The consensus - Rohan Farrow Daily was not as polished as it should have been.
Millenials don’t care about the world around them! This has been the collective sentiment of the media for a while, but fret not because Ronan Farrow is here to save the day. Or at least he’s trying to – the debut broadcast of Ronan Farrow Daily, the young newscaster’s brand new format, hasn’t exactly been met with open arms. RFD premiered Monday at 1PM ET on MSNBC and, despite Farrow’s reputation as journalism’s resident Youth (he’s 26 and a Twitter aficionado, which makes him mind-boggling for certain older newscasters), RFD failed to catch on as the Bringer of the Revolution.
Farrow got his shot after Alec Baldwin and MSNBC parted ways.
Farrow’s inaugural broadcast featured guests like just-released Ukranian politician Yulia Timoshenko, former RNC chair Michael Steele and fellow MSNBC super-friend Alex Wagner, but the opportunity to talk actual politics was largely missed. According to EW’s Darren Franich, instead of creating a news show that’s sometimes funny, Farrow relies on clownish behavior with a bit of news sprinkled throughout – sort of like The Daily Show, except not as funny, says Franich.
Farrow does nail some of his segments.
This week "Call to Action" --> student loan debt. Tell us about yours, instructions here: http://t.co/xmcWf6Wv22— Team Ronan Daily (@RonanDaily) February 24, 2014
According to The Guardian’s Tom McCarthy, Ronan Farrow Daily’s main problem is the host’s inexperience, as well as a whole hour of live television to fill. According to most of the online commentary today, Farrow was trying a bit too hard to sound like a friendly and familiar voice, while presenting old, irrelevant or just poorly edited news. It doesn’t look like the show is going to be the media revolution we were promised.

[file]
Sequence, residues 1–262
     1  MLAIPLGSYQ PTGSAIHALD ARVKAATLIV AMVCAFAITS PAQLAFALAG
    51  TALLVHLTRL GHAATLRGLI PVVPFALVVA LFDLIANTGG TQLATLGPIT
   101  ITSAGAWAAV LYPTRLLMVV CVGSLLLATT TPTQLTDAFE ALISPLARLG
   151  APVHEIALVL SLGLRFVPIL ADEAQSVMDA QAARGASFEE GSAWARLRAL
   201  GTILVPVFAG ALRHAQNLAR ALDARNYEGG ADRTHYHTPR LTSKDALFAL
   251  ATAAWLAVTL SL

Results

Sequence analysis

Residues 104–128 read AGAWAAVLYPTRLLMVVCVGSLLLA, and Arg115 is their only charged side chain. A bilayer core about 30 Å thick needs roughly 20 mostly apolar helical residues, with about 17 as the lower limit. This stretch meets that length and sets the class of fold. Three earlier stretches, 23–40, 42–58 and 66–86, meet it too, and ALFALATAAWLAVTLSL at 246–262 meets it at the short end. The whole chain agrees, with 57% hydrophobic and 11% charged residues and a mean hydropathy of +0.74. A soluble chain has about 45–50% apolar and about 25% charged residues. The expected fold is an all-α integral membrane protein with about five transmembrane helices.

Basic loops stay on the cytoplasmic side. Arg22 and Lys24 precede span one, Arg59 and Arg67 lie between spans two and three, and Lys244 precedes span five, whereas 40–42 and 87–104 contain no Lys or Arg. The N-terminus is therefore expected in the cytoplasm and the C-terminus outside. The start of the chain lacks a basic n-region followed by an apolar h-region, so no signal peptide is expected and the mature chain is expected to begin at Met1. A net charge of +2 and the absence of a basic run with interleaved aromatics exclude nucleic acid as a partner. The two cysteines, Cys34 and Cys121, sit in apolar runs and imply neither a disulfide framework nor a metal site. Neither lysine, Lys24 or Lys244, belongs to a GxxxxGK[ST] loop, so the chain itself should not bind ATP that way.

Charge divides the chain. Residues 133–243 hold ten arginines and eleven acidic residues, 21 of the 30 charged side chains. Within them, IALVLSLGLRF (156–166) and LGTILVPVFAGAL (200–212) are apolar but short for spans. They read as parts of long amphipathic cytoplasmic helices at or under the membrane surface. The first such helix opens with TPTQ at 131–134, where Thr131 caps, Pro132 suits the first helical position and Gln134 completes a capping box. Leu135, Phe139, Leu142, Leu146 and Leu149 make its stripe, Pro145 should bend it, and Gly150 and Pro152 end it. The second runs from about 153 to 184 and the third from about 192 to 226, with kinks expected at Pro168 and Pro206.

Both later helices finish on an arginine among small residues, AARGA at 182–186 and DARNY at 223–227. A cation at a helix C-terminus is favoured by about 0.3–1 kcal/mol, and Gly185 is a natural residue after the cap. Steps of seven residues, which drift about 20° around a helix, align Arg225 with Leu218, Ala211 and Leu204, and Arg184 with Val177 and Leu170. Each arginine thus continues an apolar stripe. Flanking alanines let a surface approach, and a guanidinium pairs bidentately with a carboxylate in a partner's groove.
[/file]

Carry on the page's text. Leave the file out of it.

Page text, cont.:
There might be hope for the news show yet, if Farrow can just find his footing and define his own style.
The full recording of 'Eric Clapton: Live At The Royal Albert Hall', is set to reach cinemas very soon
Horowitz was originally asked whether he thought Idris Elba would be suitable for the role of the next 007.
One of the strongest action thrillers in recent years, this gripping movie cleverly casts actors known for comedy in the central roles.
Meryl Streep is having so much fun playing an ageing rocker that the audience only barely registers that this film isn't nearly as deep as it's...
Creamfields was back again, with a plethora of headline disc jockeys, showcasing Creamfields as the powerhouse of UK-electronic festivals.
The 2016 Republican candidate is already thinking ahead
Richards is eager to begin work on follow-up to 2005's 'A Bigger Bang', but doesn't reckon that will happen until April 2016 at the earliest.
The two-time Oscar winner has been cast as '50s TV sweetheart Lucille Ball, according to new reports.